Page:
As a security company, we deal with a lot of compromised websites. Unfortunately, in most cases, we have limited access to customer logs, which is one of the reasons why we don’t offer forensic analysis.
Sucuri offers website monitoring, protection, and clean up, but sometimes we go that extra mile and investigate how websites become compromised in the first place. This usually happens when websites become reinfected after a cleanup.
The reinfection itself can be caused by something as simple as a compromised admin user. By resetting the password for all admin users would be a simple fix for this issue.
However, most of the infected websites we clean have no logs to tell us exactly what happened that led to the website compromise.
We recommend having a plugin to log activities on your blog or website. An activity log plugin can:
- be an early alert system to let you know if something has gone wrong;
- work as a tool to help you keep a close eye on what is happening on your website;
- help you investigate the attack vector after.
Having audit logs on a website is mandatory for e-commerce websites to be PCI DSS compliant. Logs are also very helpful when you need to troubleshoot technical issues or ensure user accountability.
Many hosting providers keep web server logs. However, only a few of them keep extensive logs and are able to provide them to their customers on short notice.
Also, the Apache logs are not very user-friendly, especially if you are not familiar with the structure and what each section of the log entry means. In fact, these logs can be quite intimidating.
Nevertheless, the web server logs do not show what exactly happened. There is visibility on the HTTP GET and POST requests. These are the requests made by visitors to download a web page (GET) or submit content to the server (POST). These logs allow you to have an idea of what was visited on the website, but you cannot tell which action each user performed. That is why audit log plugins are very useful when investigating an infection or reinfection.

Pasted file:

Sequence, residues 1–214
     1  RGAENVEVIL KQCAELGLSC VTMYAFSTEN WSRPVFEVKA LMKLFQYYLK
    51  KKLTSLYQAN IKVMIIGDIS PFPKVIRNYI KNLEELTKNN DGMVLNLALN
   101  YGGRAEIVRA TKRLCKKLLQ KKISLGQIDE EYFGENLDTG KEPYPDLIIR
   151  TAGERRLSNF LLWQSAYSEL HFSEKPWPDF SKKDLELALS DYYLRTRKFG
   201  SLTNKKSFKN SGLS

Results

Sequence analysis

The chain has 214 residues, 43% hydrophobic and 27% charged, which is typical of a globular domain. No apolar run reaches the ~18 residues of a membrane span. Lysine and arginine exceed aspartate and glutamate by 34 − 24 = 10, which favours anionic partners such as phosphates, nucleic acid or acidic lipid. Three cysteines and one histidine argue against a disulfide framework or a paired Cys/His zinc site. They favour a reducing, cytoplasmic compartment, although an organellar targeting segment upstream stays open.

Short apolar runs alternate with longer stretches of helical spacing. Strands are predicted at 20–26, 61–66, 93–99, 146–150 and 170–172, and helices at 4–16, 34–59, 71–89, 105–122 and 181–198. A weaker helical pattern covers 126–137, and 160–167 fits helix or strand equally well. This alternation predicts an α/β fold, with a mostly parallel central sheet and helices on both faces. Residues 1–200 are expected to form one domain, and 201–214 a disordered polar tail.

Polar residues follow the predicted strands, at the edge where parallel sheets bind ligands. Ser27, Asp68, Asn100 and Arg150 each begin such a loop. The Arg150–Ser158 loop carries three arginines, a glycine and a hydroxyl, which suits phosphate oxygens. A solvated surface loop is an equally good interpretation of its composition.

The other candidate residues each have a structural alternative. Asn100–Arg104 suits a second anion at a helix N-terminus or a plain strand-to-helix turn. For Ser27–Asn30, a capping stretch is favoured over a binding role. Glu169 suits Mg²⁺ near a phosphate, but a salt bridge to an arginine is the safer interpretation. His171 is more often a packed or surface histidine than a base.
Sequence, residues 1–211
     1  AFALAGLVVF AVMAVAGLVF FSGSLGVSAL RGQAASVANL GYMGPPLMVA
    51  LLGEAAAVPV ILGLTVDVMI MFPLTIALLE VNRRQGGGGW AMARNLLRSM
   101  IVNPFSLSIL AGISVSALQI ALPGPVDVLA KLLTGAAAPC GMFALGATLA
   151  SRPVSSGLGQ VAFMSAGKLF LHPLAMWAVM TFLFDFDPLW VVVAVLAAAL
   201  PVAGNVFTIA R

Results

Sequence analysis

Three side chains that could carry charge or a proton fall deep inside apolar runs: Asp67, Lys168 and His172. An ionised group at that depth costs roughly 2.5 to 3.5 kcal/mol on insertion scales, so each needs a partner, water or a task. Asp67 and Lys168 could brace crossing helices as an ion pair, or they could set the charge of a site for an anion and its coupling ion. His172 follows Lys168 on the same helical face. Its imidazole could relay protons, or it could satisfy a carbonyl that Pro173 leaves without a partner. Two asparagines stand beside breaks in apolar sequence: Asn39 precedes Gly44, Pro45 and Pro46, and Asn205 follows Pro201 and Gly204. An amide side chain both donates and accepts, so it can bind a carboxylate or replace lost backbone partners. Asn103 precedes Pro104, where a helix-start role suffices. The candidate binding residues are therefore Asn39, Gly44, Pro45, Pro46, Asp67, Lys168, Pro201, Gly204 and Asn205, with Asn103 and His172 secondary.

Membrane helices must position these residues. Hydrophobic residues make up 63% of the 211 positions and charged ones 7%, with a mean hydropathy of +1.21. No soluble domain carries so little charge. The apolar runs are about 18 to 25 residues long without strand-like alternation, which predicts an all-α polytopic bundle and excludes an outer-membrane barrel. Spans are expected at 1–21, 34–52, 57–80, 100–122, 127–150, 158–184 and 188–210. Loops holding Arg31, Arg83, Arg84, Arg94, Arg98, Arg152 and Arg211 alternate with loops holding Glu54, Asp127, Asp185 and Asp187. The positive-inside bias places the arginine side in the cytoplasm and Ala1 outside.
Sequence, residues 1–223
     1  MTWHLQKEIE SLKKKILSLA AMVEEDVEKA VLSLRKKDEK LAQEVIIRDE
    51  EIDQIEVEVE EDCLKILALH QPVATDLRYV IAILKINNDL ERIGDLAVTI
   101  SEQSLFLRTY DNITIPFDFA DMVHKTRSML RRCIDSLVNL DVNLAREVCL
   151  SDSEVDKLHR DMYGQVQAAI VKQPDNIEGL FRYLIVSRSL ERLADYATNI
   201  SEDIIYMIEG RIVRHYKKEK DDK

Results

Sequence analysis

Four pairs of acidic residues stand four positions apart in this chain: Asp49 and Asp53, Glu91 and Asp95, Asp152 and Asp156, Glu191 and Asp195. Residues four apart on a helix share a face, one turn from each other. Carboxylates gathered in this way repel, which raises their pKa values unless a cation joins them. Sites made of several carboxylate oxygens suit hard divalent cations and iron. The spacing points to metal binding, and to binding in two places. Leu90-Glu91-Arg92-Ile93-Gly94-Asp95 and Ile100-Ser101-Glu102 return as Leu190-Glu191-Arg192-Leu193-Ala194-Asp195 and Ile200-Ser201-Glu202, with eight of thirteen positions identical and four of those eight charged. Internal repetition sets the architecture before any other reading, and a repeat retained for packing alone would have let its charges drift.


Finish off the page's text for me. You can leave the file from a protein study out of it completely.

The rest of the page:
It is much easier to trace back to what happens if a WordPress site has auditing plugins installed.
Some changes that auditing plugins can show are:
- website changes;
- blog post changes;
- plugin changes;
- theme changes;
- core files changes;
- successful logins.
Audit logs can also serve as an Intrusion Detection System (IDS). For example, when using a WordPress activity log plugin, you can set up alerts if there is unusual activity, like a login that happened outside your office hours or a login from an unusual IP address.
WordPress Audit Logs Plugins
A log plugin activated on your website can help you identify the cause of a website compromise. We have our own free WordPress auditing plugin that was built to complement a website security posture. Some of the Sucuri WordPress plugin features include:
- security activity auditing;
- file integrity monitoring;
- remote malware scanning;
- blacklist monitoring;
- effective security hardening;
- post-hack security actions;
- security notifications;
- website firewall (premium).
There are quite a few WordPress audit log plugins available on the WordPress plugin repository.
Like with any other software, which plugin you choose depends on your requirements. Here are some personal suggestions:
- The Simple Login Log plugin is great to keep a log of logins.
- Simple History or Stream are plugins that keep a log of more changes that logged in users do on a website.
- The WP Security Audit Log has a great number of resources and offers more visibility on the logs. The Audit Log Viewer is very comprehensive since it keeps a log of when users try to reach a page that does not exist on a website (404 error). It also shows when there are file changes on the WordPress site. It stores the WordPress audit logs in an external database, configures email notifications for when there are changes to the WordPress users, as well as more granular changes, like a user deleting a file from the uploads directory. The comprehensive activity logs are free, however advanced features, like configurable email notifications and reports, are only available in the WP Security Audit Log premium.
Another Tool in Your Website Security Toolbox
All these features help to monitor websites better. If something happens, you can check the logs to see if there was a compromise from using a stolen password or perhaps a more complex attack that would require a review of the Apache logs.
Audit logs also give you visibility over any changes made. If a website compromise occurred, you can revert those changes if needed. This is another useful way to use an audit plugin. And if you know your website has been compromised but do not know where to start, contact us and we will be happy to clean your website for you.
*** This is a Security Bloggers Network syndicated blog from Sucuri Blog authored by Krasimir Konov. Read the original post at: https://blog.sucuri.net/2019/02/the-importance-of-website-logs.html